• 12 I/O card slots, including an option for additional DSP processing power
  • Dante, MADI, Ethernet AVB, and thunderbolt compatibility
  • Expandability by Avid’s Stage 64 racks which are customizable with up to 64 inputs and 32 outputs.
  • Pro Tools integration
  • 8 XLR mic/line inputs
  • 8 XLR line outputs
  • 2 different engine options: E6L-192 and E6L-144 provide 192 or 144 input channels at 96kHz
  • Onboard effects including parametric EQ, expander/gate, compressor/limiter, delay, and 4 plugin inserts
  • Vast library of Avid plugins (including classic and modern emulators)
  • Compatible with certain 3rd party AAX plugins including McDSP and Sonnox
  • Redundant power supplies and network connections
Cons
  • Expensive
  • Separate Pro Tools contract required for Pro Tools updates

Soundcraft Vi7000

Overview

Soundcraft’s 2015 update to their high-end Vi live mixing console series boasts a feature set that can compete with models at price points up to three times that of the Soundcraft Vi5000 and Vi7000. With an emphasis on creating a user-friendly interface, the Vi series includes Vistonics touchscreen technology putting multi-function rotary knobs and switches right on the console’s many touchscreens while FaderGlow technology allows the user to color code faders. When you’re using the Vi7000, there’s little question what parameter you’re tweaking. Soundcraft’s user-friendly technologies are rivaled only by their forward-thinking dedication to sound quality. Additional Realtime Rack integration gives the Vi series consoles access to world-renowned Universal Audio (UAD) plugins, a real game-changer for live sound engineers.

Pros
  • Up to 128 inputs and 32 buses
  • 5 touchscreens that each have 8 faders and 16 rotary knobs
  • Vistonics touchscreen technology
  • FaderGlow technology
  • Up to 384 I/O channels with Soundcraft’s Local Rack hardware
  • 2 slots for stagebox connections via optical or Cat 5 MADI
  • Records 128 channels with Dante or MADI
  • Optional I/O cards for Dante, AES/EBU, Aviom, Blu Link, Cobranet and Ethersound connectivity
  • 8 Lexicon multi-FX units and built-in BSS equalizers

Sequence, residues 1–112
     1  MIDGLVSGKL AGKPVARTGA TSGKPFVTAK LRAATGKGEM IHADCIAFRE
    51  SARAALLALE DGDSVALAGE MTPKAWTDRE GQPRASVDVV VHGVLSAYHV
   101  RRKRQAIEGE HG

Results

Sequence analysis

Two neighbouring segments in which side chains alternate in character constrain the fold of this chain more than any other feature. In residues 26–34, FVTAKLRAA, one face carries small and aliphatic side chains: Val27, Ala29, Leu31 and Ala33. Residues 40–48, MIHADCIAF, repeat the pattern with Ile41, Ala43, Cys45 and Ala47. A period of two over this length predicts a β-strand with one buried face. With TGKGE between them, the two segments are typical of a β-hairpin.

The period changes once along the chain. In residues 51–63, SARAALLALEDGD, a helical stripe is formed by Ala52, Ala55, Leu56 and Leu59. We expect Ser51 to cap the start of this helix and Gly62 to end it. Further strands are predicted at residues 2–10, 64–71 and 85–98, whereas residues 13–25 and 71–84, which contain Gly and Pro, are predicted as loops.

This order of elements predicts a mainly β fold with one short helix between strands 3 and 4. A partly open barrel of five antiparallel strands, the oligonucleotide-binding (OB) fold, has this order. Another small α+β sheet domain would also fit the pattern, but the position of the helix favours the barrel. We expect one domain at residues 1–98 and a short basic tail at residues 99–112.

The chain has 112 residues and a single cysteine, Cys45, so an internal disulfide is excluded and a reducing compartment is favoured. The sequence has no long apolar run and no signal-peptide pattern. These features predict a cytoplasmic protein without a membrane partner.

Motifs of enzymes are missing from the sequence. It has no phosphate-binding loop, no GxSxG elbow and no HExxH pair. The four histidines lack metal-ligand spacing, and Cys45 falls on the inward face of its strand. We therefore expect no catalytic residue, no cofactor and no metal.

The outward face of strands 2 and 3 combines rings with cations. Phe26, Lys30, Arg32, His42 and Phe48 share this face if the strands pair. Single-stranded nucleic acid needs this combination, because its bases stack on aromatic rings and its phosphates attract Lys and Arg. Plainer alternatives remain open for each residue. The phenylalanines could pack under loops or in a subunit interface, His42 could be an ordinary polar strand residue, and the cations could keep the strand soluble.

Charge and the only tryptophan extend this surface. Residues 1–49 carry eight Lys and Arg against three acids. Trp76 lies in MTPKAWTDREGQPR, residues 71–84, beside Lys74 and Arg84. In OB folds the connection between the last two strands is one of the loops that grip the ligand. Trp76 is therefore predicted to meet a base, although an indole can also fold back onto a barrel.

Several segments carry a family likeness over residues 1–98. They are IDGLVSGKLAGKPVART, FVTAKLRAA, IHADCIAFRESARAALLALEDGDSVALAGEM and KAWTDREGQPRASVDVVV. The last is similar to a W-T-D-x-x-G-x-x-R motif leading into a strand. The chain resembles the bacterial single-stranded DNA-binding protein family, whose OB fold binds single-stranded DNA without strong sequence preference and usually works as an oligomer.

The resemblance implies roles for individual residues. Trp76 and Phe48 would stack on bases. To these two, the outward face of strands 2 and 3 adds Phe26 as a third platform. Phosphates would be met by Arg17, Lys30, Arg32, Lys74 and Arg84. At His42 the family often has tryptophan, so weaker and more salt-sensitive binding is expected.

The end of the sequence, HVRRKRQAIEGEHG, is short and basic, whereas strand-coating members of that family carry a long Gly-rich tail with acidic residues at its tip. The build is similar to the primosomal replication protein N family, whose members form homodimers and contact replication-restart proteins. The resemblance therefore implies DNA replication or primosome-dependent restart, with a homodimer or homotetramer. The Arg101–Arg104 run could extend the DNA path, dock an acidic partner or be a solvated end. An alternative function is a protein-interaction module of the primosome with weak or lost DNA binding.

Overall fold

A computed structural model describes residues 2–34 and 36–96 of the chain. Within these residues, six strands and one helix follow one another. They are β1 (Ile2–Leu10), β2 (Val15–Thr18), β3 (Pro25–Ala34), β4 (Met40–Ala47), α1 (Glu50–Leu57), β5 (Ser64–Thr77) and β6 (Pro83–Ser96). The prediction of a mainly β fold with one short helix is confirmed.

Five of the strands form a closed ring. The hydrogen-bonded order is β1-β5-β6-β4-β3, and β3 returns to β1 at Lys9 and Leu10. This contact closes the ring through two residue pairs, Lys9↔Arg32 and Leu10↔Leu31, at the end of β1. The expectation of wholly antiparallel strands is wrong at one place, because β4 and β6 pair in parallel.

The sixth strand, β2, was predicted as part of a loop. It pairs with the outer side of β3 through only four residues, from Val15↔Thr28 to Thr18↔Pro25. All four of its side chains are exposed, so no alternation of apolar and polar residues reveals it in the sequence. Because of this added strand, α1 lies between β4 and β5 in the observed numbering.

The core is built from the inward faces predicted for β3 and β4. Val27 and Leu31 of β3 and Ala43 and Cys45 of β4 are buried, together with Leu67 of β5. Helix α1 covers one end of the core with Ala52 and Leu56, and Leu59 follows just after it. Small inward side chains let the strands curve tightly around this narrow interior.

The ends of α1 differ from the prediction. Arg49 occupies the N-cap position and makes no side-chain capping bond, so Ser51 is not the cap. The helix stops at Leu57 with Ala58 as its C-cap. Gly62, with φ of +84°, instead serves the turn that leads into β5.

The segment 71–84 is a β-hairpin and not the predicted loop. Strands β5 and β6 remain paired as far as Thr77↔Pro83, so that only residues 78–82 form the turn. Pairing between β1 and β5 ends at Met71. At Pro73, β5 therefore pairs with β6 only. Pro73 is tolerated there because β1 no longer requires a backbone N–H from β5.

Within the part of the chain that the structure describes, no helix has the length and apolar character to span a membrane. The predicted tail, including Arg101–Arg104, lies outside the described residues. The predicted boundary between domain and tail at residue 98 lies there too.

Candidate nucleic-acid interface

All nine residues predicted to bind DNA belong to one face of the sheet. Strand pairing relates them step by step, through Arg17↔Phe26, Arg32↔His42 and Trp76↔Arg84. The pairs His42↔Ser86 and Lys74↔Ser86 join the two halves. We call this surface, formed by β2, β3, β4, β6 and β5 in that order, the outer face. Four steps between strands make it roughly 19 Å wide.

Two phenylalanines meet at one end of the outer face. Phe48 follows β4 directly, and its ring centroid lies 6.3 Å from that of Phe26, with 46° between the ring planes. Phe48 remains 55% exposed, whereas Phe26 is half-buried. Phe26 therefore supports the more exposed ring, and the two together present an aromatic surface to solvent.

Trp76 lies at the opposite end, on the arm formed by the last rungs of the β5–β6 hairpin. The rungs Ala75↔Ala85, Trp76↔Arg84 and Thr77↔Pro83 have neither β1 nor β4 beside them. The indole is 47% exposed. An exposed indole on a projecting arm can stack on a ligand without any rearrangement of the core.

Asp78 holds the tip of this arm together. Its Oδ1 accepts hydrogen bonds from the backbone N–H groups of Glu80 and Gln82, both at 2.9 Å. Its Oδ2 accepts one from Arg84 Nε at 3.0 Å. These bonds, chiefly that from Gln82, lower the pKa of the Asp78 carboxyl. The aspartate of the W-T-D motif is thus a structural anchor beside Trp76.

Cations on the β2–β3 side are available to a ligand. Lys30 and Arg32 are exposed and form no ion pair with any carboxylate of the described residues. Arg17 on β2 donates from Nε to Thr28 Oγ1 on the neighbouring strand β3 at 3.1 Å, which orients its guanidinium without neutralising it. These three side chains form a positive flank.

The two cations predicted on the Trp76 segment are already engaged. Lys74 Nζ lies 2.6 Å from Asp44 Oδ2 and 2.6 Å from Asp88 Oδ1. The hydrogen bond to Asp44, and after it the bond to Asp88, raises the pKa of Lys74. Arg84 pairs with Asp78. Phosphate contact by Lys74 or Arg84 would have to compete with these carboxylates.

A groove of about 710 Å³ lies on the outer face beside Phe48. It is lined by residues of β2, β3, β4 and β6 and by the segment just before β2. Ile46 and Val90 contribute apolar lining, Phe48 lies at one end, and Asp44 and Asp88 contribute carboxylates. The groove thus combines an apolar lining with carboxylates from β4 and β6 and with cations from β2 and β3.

• Realtime Rack integration enables use of UAD plugins (two versions available: Ultimate Live with 74 plugins and Core Live with 14 plugins)
  • Redundant power supplies
  • Redundant operation mode for network connections
Cons
  • Operation at 96kHz requires additional DSP cards and a reduction in channel count
  • 1-year warranty

Yamaha RIVAGE PM10

Yamaha RIVAGE PM10

Overview

The RIVAGE PM10 is the continuation of Yamaha’s industry-defining PM mixing console series. If names like Rupert Neve Designs, TC Electronic, or Eventide make you smile, then you should be happy to learn that Yamaha collaborated closely with all of these companies in designing plugin emulators for the RIVAGE PM10. Not only is this console designed to fit almost any circumstance with extensive input and output scalability, but the RIVAGE PM10’s ergonomic design makes achieving fantastic mixes a joy, not a chore. Virtual Circuit Modeling (VCM) of Rupert Neve Designs transformers and SILK processing on every input channel can turn your digital mix into a vibey vintage masterpiece. 40 onboard plugins including emulations of classic 1970’s and 1980’s gear further expand the RIVAGE’s color palette to match any mixing scenario.

Pros
  • 144 inputs, 72 mix buses, and 36 matrix buses
  • 2 touchscreens (15” each)
  • 38 faders
  • Virtual Circuitry Modeling of Rupert Neve Designs SILK processing available on all input channels
  • 4-band parametric EQ, 2 compressors, delay, and 2 inserts per channel (each insert can have up to 4 plugins)
  • 40 built-in plugins featuring emulations of Rupert Neve Designs, TC Electronic, Eventide, and Audinate hardware
  • Optional 144 channel Dante network I/O card
  • 2-track USB recording or optional multitrack recording and virtual soundcheck via Dante
  • Yamaha RPio622 stage boxes provide I/O via TWINLANe for up to 96 channels at 96kHz
  • Redundant power supply and network connection
Cons
  • Heavy (the control surface alone weighs 187lbs)
  • 1-year warranty